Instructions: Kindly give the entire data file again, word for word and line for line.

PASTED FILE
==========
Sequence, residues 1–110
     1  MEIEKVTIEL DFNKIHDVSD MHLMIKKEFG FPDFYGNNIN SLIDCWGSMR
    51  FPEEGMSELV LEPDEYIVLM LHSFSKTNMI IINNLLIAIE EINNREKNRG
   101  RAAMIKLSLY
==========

Sequence, residues 1–110
     1  MEIEKVTIEL DFNKIHDVSD MHLMIKKEFG FPDFYGNNIN SLIDCWGSMR
    51  FPEEGMSELV LEPDEYIVLM LHSFSKTNMI IINNLLIAIE EINNREKNRG
   101  RAAMIKLSLY